The Pareto Principle, better known as the 80-20 rule, applies to many areas of life. It’s said, for instance, that 80% of results spring from 20% of the effort. The rule was first recognized by economist Vilfredo Pareto who found in 1906 that 80% of land in Italy was owned by 20% of its citizens. With a land grab happening for new software markets hosted in the cloud, we wanted to revisit this classic phenomenon to see if it still applies today. What we found is that it’s even more extreme, with 80% of data uploaded to the cloud going to less than 1% of cloud services.

In Skyhigh’s latest Cloud Adoption & Risk Report, we looked at anonymized usage data for 13 million users at over 350 companies worldwide. We found that 80% of data uploaded to the cloud is uploaded to just 11 cloud services, out of over 8,000 cloud services available globally. The services on the list are a mix of enterprise and consumer services.

 

Some of them are known for storing or transferring rich media such as YouTube, Cisco WebEx, Facebook, and Apple iCloud. Others are file sharing and collaboration services including Box, Dropbox, Microsoft Office 365, Jive, and Google Drive. Box has made significant inroads in the enterprise in recent years, and counts some of the largest companies in the world as customers. But it’s still surprising that almost a quarter of all data went to Box. This makes sense given that companies have migrated their entire file storage to Box away from traditional file servers.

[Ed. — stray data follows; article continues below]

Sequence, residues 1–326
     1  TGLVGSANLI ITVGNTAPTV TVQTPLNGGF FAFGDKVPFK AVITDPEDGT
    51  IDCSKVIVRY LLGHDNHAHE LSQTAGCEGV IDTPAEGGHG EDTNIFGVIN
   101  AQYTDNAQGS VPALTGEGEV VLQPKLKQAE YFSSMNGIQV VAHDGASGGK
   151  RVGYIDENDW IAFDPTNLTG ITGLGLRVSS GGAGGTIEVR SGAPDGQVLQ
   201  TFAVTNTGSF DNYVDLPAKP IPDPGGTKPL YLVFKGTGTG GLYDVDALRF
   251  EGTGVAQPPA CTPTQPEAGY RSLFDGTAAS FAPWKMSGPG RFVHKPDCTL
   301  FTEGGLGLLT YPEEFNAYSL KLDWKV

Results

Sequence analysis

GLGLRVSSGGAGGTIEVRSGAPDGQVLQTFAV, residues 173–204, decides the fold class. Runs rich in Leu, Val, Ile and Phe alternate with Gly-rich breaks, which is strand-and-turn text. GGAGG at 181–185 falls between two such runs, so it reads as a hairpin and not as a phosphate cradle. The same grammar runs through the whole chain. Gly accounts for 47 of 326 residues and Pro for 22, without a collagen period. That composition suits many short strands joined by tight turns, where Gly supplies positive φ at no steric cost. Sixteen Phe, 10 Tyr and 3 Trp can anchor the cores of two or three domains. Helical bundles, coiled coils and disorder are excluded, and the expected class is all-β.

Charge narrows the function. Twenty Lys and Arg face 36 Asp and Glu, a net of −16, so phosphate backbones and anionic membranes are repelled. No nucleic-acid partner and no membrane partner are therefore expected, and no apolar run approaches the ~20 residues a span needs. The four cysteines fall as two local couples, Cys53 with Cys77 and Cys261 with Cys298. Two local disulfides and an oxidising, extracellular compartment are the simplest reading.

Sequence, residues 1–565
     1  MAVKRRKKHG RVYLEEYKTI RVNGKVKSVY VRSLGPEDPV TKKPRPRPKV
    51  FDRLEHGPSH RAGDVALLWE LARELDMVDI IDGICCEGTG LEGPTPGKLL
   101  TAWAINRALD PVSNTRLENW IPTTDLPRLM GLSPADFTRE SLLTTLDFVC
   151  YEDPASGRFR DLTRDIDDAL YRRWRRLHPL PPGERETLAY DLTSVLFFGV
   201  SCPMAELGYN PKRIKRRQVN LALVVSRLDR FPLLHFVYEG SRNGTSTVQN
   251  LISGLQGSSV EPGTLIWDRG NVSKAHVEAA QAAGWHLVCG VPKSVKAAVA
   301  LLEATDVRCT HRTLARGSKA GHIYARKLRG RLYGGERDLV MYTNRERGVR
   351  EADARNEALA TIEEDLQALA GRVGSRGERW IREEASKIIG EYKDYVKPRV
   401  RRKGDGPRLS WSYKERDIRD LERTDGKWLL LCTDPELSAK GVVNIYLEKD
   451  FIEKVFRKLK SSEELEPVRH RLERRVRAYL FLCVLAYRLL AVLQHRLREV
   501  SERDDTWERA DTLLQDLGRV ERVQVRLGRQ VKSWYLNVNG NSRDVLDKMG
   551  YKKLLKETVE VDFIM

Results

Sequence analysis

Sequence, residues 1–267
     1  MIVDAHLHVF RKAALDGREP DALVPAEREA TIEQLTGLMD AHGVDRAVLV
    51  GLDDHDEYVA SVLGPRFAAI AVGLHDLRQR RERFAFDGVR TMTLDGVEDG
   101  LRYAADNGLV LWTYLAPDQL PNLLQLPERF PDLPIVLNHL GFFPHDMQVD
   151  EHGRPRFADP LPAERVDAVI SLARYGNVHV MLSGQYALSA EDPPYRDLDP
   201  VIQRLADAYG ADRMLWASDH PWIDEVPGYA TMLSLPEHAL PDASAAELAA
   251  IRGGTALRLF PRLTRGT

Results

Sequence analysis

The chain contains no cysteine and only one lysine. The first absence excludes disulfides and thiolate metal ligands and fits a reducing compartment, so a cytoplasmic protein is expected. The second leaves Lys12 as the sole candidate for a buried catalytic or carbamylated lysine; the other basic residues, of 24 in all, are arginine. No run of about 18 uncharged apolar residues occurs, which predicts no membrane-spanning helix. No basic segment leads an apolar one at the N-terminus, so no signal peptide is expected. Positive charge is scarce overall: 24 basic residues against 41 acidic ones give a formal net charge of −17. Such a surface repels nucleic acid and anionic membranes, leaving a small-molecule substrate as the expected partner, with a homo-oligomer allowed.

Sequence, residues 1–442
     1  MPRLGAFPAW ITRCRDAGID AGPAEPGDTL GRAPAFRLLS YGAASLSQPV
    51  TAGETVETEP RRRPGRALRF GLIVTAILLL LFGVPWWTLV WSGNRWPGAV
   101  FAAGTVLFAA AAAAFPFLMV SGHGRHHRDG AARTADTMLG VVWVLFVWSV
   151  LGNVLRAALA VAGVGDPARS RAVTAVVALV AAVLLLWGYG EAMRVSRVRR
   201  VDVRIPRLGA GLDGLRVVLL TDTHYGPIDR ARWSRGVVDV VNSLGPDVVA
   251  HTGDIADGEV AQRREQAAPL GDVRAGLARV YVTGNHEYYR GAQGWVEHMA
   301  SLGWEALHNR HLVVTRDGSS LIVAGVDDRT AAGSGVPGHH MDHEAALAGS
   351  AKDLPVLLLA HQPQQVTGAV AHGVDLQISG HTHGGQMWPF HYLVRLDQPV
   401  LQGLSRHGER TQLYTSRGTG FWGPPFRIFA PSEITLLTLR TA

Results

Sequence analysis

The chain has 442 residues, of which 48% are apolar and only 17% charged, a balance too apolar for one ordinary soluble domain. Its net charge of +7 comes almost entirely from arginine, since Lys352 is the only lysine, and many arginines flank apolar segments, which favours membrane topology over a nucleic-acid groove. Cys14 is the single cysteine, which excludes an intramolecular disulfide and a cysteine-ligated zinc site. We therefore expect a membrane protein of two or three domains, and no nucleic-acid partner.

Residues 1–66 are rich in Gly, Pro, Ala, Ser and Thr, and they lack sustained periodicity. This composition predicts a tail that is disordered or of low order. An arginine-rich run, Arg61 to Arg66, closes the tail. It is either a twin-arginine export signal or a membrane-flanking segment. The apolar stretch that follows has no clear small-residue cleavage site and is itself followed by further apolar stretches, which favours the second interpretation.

Considering that most data is in just a handful of cloud services, you might think that IT doesn’t need to worry about shadow IT. However, there’s another 80-20 rule when it comes to the cloud. We also found that 81.3% of anomalous activity that’s indicative of malware, compromised accounts, and insider threats occurs in the long tail of cloud services that store 20% of the data. You need to focus security efforts on those services as well. There are no shortcuts when it comes to cloud security.

Cloud Adoption & Risk Report Q3 2014

Based on data from over 13 million users, the definitive resource on cloud usage trends and risks.

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